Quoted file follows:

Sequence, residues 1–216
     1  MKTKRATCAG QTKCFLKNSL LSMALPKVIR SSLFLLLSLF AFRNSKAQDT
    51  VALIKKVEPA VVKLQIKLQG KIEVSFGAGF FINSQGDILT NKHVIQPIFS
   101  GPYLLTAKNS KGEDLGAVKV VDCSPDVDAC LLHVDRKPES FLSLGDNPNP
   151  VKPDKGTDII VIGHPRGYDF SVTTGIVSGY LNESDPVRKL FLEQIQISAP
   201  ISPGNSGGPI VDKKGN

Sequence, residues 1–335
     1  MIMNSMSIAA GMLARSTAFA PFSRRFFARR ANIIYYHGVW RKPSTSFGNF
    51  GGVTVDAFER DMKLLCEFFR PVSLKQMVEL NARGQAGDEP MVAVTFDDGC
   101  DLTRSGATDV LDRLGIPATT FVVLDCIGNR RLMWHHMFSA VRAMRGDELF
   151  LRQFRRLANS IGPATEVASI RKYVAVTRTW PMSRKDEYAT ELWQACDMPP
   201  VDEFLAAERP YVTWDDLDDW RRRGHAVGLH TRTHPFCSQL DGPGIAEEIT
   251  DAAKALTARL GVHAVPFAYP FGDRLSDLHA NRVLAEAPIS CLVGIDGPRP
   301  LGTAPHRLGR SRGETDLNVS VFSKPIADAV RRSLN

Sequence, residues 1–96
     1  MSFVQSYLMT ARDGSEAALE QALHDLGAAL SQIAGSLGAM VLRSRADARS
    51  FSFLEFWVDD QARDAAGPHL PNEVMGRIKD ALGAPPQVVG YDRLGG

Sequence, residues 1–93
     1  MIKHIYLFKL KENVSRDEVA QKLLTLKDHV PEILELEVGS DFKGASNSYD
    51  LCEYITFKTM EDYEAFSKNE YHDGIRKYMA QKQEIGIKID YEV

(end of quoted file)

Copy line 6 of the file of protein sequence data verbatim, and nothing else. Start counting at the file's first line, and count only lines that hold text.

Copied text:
   201  ISPGNSGGPI VDKKGN